Red Sox

4 takeaways as the Red Sox, short-handed due to COVID-19, fall to the Rays

"It’s a lot tougher today than yesterday, and yesterday was tougher than the day before."

Red Sox Rays takeaways
Boston Red Sox's Nick Pivetta pitches to the Tampa Bay Rays during the first inning of a baseball game Monday. AP Photo/Chris O'Meara

Here are the takeaways, as the Red Sox — dealing with a COVID-19 outbreak — couldn’t overcome the Rays in a 6-1 loss that likely eliminated any final hopes of competing for the division.

The Big Picture

Both teams got on the board early — the Rays on a monstrous solo homer in the first by Brandon Lowe, the Red Sox with an answering solo homer by Bobby Dalbec in the top of the second as Dalbec’s hot streak continued.

From there, however, the Red Sox bats went stagnant and the Rays continued to apply pressure. Austin Meadows singled in the go-ahead run in the third. Lowe drove in a run in the fourth with another single. The Rays tacked on a fourth on a fielding error by Rafael Devers in the sixth. Wander Franco’s 2-run single in the eighth was superfluous as the Rays cruised late.

Star of the Game

Brandon Lowe — 2-for-3, two runs, two RBIs, homer, two walks

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Lowe’s stat line would have been enough to land here even if you replaced his walks with strikeouts, but the walks might have been the most impressive part of his night: Red Sox pitchers were visibly terrified of giving him anything to hit and twice opted entirely not to do so.

What It Means

Before the game, Red Sox manager Alex Cora was asked if first place in the AL East is still attainable.

“We’ll show up today, play a good game, win a game, and if we can do that four days straight, you can ask me that question again on Friday,” Cora said.

Monday’s result likely means that question won’t be asked again. The Red Sox lead the A’s by two games for the final spot.

Takeaways

1. After the game, Cora simply looked weary after dealing with a day of test results and shuffling lineups.

“What Ron [Roenicke, former manager] did last year was amazing — amazing,” Cora said. “To deal with everything they had to go through, the way he did it, it was great. I respect that guy, and respect everybody that was involved in this on a personal level. It’s a challenging one.”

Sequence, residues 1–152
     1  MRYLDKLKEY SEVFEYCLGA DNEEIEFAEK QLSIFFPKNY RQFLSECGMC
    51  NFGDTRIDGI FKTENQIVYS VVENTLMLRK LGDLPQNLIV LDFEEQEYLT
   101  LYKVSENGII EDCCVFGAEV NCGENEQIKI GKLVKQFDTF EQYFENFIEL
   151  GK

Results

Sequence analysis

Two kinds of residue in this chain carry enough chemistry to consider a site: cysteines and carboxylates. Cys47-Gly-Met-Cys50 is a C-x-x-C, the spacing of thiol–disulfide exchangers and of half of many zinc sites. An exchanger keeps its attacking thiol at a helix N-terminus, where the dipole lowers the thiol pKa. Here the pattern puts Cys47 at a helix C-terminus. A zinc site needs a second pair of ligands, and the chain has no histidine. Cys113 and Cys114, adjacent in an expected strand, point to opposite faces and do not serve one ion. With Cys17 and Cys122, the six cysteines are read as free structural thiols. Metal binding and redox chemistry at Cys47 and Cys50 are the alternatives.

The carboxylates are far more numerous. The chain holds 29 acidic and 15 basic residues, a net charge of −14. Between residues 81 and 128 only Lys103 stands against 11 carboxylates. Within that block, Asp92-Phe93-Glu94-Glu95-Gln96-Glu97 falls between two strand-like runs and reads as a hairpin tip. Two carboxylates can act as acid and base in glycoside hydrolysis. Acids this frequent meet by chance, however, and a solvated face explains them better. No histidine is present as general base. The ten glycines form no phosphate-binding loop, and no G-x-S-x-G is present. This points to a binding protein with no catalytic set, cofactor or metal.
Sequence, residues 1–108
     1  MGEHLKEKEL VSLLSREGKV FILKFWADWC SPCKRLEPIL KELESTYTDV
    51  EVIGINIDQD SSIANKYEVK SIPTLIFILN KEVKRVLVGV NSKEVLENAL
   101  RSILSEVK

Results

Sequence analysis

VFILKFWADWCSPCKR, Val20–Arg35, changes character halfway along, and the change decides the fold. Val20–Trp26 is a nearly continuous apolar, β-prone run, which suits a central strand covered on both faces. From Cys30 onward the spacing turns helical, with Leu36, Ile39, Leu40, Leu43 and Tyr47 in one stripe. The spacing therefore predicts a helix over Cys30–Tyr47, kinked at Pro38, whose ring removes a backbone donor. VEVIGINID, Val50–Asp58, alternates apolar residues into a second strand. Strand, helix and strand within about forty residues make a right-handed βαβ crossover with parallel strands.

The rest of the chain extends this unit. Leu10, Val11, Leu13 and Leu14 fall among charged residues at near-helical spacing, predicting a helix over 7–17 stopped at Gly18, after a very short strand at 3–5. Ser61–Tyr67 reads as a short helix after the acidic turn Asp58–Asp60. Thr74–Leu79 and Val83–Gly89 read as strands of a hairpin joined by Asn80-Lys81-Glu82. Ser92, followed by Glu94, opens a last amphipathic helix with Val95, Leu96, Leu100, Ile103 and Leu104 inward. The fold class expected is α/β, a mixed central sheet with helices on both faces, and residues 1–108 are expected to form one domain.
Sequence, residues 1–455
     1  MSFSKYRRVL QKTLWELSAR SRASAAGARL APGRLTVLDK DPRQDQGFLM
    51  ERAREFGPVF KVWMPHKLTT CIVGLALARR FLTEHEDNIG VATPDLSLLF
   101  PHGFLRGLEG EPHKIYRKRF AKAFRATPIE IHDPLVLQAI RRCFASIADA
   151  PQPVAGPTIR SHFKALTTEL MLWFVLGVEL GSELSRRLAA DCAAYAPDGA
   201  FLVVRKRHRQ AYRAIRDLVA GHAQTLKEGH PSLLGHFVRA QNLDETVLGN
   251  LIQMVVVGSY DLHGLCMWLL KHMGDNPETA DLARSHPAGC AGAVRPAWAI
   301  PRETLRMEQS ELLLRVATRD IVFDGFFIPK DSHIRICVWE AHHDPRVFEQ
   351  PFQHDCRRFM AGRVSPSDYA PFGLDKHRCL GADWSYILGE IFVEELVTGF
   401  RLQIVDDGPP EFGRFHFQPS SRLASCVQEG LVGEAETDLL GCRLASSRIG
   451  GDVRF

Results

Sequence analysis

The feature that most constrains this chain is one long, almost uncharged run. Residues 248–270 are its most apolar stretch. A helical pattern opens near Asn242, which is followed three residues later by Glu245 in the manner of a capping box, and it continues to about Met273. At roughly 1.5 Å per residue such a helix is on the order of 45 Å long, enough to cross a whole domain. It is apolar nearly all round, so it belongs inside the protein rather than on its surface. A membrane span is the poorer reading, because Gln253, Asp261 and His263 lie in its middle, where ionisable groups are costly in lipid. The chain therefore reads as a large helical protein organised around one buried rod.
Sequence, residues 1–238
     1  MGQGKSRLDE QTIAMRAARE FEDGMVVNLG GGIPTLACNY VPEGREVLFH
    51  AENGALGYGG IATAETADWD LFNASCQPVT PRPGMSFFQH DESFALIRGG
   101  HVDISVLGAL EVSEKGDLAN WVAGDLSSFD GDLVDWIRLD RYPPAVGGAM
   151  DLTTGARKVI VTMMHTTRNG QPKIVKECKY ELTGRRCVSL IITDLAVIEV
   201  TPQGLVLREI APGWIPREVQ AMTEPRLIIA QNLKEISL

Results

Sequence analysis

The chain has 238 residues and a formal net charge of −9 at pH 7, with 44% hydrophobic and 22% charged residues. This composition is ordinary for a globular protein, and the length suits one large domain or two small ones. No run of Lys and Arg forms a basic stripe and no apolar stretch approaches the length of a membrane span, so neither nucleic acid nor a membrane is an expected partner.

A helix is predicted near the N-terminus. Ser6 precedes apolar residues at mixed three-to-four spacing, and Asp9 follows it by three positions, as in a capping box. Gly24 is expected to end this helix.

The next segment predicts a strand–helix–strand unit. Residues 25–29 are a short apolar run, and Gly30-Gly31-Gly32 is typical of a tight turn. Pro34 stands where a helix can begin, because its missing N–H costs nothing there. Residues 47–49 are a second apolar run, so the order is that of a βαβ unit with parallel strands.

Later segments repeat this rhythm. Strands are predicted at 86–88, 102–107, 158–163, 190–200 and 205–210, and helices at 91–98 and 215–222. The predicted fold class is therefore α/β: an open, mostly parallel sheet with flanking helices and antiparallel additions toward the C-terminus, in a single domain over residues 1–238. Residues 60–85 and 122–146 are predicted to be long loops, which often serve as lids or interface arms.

The Red Sox received bad news midway through the game: Reliever Josh Taylor is an additional close contact for the COVID outbreak. Cora confirmed that Matt Barnes tested positive after the game as well. First-base coach Tom Goodwin is a close contact, and coach Ramon Vazquez tested positive.

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“It’s a lot tougher today than yesterday, and yesterday was tougher than the day before, and hopefully tomorrow we’re okay,” Cora said. “Hopefully. That’s what I pray for, for this to be the end of it, and then it’s all about baseball and making plays, and putting the ball in play, pitching, all that stuff. This part is not comfortable, it’s not easy.”

2. The Red Sox still have not reached the 85-percent vaccination threshold set forth by the MLB.

Asked whether that was a concern all year, Cora said it was a problem for the front office.

“It was something we’ve been talking about the whole time,” Cora said. “But at the end, it’s a personal choice and we are where we’re at percentage-wise. Everybody knows it, and we can’t hide that fact, but still, we were doing a great job. It happened now, and we have to keep going.”

The Red Sox went from May 15 to Aug. 3 without a positive test.

3. On a night when baseball felt secondary, a game still took place, and two key errors hurt the Red Sox (although the pain might be dulled a bit by the knowledge that the offense wouldn’t have capitalized anyway).

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The first happened in the bottom of the fourth, when pitcher Nick Pivetta bounced a ball in front of Christian Vazquez. Mike Zunino struck out swinging on the play, but the ball bounded away from Vazquez which allowed the Rays to stay alive. Lowe drove in a run with a single on the next at-bat.

The second was a sixth-inning fielding error by Rafael Devers, who was forced to eat a grounder with the bases loaded that might have been either a double play or a force out at the plate. Instead, a run scored. Hansel Robles — who was on target — shut down the next three batters without allowing another run, but the Red Sox trailed 4-1 heading into the seventh inning with very little offensive momentum.

4. The Red Sox still don’t know who will pitch Tuesday.

“You guys will know tomorrow,” Cora said. “Sorry about that, that’s where we’re at. I would love to give you more.”

Whichever Red Sox players are available will take on the Rays again on Tuesday at 7:10 p.m.

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